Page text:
Nobody wants to shake hands with you when you’re carrying harmful bacteria. Simple hand washing isn’t going to make the flu virus go away. Wear a mask and stay home when you can. Nobody wants to catch your virus.

Graphic by Joseph Garcia // The Louisville Cardinal

The post Washing your hands won’t cut it: Get your flu shot appeared first on The Louisville Cardinal.

How to avoid the flu and what to do if you get it Monday, Feb 17 2020 

By Matthew Keck —

It is flu season again. There are many ways to avoid getting the flu, but if you happen to draw the short straw, don’t panic.

What To Do If You Get Sick

The first thing to do if you end up with the flu is to stay home and avoid contact with others, except medical care, according to the University of Louisville Campus Health.

Resting, drinking lots of fluids (stay away from caffeine and alcohol, though), and using fever reducing medicine is suggested as well.

It is also recommended that those infected with the flu wear a face mask if they need to go out in public. This helps stop the spreading of the flu.

What Not To Do

U of L Campus Health says that people infected with the flu should not go to the emergency room unless their symptoms are more severe. “In most cases, you don’t need to see a medical provider when you have a cold or the flu,” U of L Health website said.

Anyone infected with the flu should avoid contact with others. This can be tricky for college students living in dorms since they can be such close quarters.

U of L Health’s advice for students in this situation is to avoid contact with the sick roommates belongings and wash your hands.

How To Prevent Getting the Flu

Washing your hands is one of the best ways to prevent getting the flu says U of L Health. They also say that eating healthy, exercising and getting enough sleep plays a major role in boosting your immune system to fight off the flu.

U of L Campus Health also says to get a flu shot each year before flu season begins. And their website dispels the myth that getting a flu shot gives you the flu. “The flu shot contains dead viruses. You cannot get the flu from the flu shot or nose spray vaccine,” says its website.

U of L students can get a free flu shot at any of these locations:

  • Campus Health Medical Services.
  • Health Promotion Office.
  • Flu Shot Stations.

More information regarding the flu can be found at louisville.edu/campushealth.

File Photo // The Louisville Cardinal 

The post How to avoid the flu and what to do if you get it appeared first on The Louisville Cardinal.

Washing your hands won’t cut it: Free flu shots for Belknap students Friday, Sep 27 2019 

By Catherine Brown —

The University of Louisville started providing free flu shots to students, faculty and staff on Belknap campus Sept. 23. This is a necessity for any individual who will be on any U of L campus this flu season.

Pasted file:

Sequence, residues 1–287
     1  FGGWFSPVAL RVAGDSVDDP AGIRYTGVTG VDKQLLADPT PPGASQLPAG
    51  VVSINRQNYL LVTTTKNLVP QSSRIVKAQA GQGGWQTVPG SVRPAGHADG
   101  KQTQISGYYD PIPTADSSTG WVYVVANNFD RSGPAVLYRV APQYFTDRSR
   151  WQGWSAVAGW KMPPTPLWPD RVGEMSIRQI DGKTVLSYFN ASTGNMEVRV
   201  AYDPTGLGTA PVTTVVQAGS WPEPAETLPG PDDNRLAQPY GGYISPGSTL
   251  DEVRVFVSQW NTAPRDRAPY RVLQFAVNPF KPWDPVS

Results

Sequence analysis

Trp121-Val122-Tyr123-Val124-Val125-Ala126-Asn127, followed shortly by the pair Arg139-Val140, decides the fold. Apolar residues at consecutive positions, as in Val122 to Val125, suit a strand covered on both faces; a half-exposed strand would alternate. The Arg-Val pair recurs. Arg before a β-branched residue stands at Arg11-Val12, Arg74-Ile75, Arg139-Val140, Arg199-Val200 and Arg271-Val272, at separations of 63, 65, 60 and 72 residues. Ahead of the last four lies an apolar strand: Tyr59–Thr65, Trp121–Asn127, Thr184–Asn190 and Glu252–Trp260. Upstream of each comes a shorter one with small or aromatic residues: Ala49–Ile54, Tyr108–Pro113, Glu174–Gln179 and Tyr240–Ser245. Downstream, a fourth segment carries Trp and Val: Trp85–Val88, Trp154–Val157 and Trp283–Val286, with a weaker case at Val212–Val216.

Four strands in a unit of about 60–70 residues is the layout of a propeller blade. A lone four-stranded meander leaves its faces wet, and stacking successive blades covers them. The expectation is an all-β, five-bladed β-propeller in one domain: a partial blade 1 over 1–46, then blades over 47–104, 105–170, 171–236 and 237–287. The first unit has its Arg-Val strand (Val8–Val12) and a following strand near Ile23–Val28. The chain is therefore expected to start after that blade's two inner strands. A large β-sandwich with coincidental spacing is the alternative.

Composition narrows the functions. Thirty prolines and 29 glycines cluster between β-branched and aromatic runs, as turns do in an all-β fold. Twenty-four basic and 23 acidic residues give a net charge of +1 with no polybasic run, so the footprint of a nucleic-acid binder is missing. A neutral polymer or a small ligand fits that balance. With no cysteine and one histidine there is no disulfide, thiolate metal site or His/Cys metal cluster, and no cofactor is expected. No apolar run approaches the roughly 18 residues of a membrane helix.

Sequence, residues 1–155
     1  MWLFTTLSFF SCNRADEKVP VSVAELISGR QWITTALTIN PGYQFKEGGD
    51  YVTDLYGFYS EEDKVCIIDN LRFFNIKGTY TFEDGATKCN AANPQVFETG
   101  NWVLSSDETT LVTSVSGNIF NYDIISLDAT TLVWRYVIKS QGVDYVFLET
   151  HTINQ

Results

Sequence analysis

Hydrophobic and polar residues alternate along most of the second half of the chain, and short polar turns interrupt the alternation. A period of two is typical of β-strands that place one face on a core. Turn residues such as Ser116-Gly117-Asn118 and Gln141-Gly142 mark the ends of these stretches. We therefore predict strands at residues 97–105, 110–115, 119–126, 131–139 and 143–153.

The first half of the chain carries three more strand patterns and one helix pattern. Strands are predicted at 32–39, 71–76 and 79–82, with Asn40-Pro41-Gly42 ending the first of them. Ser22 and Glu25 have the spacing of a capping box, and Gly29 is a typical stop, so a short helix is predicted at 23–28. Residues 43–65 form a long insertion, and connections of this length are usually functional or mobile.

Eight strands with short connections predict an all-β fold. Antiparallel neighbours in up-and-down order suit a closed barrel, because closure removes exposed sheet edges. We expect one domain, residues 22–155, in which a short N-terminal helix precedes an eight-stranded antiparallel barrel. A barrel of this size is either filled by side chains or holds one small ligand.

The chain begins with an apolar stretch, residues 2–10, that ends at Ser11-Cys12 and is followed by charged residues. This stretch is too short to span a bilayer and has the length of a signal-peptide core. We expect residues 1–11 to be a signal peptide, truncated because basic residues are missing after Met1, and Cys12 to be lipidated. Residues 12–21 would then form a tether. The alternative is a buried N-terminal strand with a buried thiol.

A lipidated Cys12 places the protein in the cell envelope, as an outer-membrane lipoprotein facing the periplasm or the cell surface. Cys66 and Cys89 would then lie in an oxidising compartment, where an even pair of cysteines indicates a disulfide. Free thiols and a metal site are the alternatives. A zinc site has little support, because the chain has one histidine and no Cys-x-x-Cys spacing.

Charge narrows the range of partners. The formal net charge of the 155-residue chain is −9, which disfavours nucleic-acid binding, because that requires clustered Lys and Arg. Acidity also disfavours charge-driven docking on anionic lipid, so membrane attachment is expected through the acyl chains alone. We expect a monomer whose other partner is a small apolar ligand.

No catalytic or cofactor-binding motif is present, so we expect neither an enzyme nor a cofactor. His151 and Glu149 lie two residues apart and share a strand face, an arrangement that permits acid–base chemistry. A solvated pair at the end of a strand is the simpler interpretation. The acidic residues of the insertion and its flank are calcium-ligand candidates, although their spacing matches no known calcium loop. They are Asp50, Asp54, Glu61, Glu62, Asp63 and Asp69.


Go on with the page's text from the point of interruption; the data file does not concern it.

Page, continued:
According to the Center for Disease Control, vaccines produce T-lymphocytes and antibodies. The immune system often develops sickness-like symptoms such as a fever after receiving a vaccine, but these symptoms are normal and help the body to develop immunity. After these symptoms disappear, the body will remember how to fight that disease in the future should a patient get infected. The CDC also states that those infected shortly before or after the time of the vaccination might still develop the disease as the body has not had enough time to create these memory cells.

The University provided flu shots to students attending classes at the HSC campus last week. U of L even provides free flu and cold self-care kits to students. These kits can be found at Campus Health Medical Services, the Health Promotion office and at designated Flu-shot stations.

Biology professors have been teaching about viruses, bacteria and prevention, and have been telling their students common sense ways to prevent illnesses. One such way is simply by washing your hands.

One of the worst habits that leads to large-spread illness is not washing hands after coughing, sneezing, touching doorknobs, electronics, eating, etc. Not washing hands after these daily routines allows the virus to linger and be picked up by somebody else. This is especially dangerous for immuno-compromised individuals such as those with AIDS, cancer, diabetes and genetic disorders according to cancer.org.

Even U of L students agree that you need to get your flu shot.

“Flu shots are necessary to get because its best to be protected against the disease so you won’t have a chance of getting the virus,” said Destiny Smith, a pre-nursing student.

The debate regarding vaccine hesitancy is ongoing, but the suggested link between vaccines and neurological or physical disorders has since been disproven. Instead, more people tend to not get vaccinations once a disease becomes less prevalent.

Doctors aren’t just suggesting flu shots for fun. People often think they won’t catch a disease because of their good hygienic habits or a strong immune system, but these things aren’t always enough to protect you. Bacteria and viral infections are everywhere, and we carry more of these in our body than we assume.

The World Health Organization claims that about 284,500 people died as a result of the 2009 flu pandemic. Part of this was because people underestimated the seriousness of the H1N1 virus and didn’t receive the flu shot.

Nobody wants to catch your virus. Nobody wants to shake hands with you when you’re carrying harmful bacteria. Simple hand washing isn’t going to make the flu virus go away. 

File Graphic // The Louisville Cardinal

The post Washing your hands won’t cut it: Free flu shots for Belknap students appeared first on The Louisville Cardinal.